Researchers at University College London (UCL) in England have discovered antigen diversity on the surface of cancer cells that influences immune system recognition and can be used to improve cancer immunotherapies targeting complex tumors. The research paper, “Clonal neoantigens elicit T cell immunoreactivity and sensitivity to immune checkpoint blockade,” was published in Science.
As tumors develop and grow, new mutations may appear that give rise to a genetically diverse tumor, which the immune system struggles to fight and that allows the disease to evolve and adapt. Such genetic complexity is flagged by tumor antigens, molecules that appear on the surface of cancer cells and that can be recognized by immune cells.
After analyzing data from hundreds of patients, researchers led by Cancer Research UK scientist Dr. Sergio Quezada and Prof. Charles Swanton, a Francis Crick Institute scientist, discovered that some of these antigens represent the earliest mutations in the cancer and are present in all tumor cells instead of just a subset of cells, as occurs with later mutations.
Researchers also isolated specialized T-cells from two lung cancer patients that were able to recognize the antigens present in all tumor cells. Despite their killing potential, these T-cells are switched off by the tumor’s own defense mechanisms.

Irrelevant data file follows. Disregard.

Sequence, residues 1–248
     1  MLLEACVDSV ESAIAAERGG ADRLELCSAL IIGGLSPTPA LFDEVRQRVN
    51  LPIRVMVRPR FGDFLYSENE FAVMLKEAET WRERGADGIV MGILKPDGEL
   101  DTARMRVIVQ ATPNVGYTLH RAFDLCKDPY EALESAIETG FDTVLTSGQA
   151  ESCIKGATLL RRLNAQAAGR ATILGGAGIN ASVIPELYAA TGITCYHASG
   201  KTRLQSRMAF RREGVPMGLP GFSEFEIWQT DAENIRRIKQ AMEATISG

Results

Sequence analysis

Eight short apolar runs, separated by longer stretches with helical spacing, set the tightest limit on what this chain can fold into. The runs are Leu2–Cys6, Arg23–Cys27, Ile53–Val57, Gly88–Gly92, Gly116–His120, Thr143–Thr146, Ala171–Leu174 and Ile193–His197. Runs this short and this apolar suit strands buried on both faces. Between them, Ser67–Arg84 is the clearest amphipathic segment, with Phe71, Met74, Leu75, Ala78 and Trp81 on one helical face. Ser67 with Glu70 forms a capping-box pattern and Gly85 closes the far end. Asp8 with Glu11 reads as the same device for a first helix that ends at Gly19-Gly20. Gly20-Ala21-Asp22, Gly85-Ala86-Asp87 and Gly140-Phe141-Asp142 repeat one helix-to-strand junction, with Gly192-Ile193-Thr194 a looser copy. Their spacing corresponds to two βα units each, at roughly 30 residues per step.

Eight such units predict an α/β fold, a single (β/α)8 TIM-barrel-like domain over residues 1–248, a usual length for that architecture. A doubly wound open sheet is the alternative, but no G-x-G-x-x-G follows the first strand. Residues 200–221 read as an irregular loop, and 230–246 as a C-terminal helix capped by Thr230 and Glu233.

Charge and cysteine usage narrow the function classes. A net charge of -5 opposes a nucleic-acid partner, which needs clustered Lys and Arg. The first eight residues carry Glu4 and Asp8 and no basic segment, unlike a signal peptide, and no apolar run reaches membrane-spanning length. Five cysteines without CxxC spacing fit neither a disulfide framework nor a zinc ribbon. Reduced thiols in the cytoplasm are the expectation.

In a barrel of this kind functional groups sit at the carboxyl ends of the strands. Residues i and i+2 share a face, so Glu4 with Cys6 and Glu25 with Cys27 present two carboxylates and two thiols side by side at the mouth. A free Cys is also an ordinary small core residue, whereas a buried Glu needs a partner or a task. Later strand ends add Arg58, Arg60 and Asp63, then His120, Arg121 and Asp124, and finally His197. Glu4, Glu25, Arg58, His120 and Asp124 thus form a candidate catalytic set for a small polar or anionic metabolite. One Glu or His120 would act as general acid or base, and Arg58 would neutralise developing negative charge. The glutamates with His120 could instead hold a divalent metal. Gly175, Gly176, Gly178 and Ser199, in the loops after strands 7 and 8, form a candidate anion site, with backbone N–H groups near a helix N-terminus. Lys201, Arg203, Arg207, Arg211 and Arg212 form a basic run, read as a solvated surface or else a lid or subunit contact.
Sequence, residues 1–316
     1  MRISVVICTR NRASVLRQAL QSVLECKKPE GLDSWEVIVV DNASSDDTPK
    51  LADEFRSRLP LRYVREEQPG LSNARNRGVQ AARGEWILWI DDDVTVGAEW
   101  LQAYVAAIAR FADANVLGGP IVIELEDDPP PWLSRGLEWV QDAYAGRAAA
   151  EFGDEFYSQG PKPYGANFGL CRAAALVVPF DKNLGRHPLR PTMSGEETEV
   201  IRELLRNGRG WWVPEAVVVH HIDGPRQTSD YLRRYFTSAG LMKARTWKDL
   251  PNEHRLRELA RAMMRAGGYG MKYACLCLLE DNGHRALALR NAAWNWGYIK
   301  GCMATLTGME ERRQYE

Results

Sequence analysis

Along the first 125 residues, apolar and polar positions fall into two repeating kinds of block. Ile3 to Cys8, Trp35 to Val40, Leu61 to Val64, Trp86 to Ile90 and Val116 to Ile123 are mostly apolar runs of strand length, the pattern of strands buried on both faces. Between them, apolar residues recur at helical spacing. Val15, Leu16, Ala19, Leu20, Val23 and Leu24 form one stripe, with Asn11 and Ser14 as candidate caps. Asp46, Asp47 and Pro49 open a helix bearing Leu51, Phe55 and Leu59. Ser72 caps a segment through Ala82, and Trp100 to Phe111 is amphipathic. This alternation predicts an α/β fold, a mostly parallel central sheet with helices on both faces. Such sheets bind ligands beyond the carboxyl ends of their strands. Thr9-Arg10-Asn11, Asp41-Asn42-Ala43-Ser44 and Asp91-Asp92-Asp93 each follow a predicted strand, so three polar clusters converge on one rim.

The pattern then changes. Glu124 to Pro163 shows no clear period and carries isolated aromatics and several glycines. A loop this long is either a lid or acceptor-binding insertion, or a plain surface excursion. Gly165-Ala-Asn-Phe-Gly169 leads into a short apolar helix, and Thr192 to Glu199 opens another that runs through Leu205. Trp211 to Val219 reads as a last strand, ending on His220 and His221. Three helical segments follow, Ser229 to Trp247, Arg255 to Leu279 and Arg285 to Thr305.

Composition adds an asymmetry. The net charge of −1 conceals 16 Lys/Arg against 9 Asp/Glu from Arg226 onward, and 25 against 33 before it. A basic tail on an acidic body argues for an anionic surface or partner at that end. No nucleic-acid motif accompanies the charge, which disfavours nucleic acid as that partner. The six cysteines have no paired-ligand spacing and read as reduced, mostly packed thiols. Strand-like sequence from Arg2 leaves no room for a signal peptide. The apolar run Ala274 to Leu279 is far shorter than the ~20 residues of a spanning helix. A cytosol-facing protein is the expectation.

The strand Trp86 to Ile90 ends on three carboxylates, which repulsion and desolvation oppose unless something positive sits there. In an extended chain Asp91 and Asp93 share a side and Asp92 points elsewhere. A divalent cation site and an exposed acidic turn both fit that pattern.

This discovery made by UCL scientists is a big step forward into effective and patient-specific treatments. Researchers can now work on therapies that will specifically activate these T-cells to target the gene signature antigens present in every cell of the tumor, a way to direct immunotherapies toward cancer’s weak spots.
“This is exciting. There was evidence that complex tumors with many mutations could increase the chance of the immune system spotting them; now we can prioritize and target tumor antigens that are present in every cell, the Achilles heel of these highly complex cancers,” Swanton said in a press release.
“This opens up a way to look at individual patients’ tumours and profile all the antigen variations to figure out the best ways for immunotherapy treatments to work, prioritizing antigens present in every tumor cell and identifying the body’s immune T-cells that recognize them,” Swanton said. “This is really fascinating, and takes personalized medicine to its absolute limit where each patient would have a unique, bespoke treatment.”
The discovery represents not only a new avenue to develop better immunotherapies, but will also allow researchers to better understand immune responses to cancer and self-defense mechanisms in tumors, and why some patients respond to immunotherapy treatment while others don’t, helping scientists develop better treatments.
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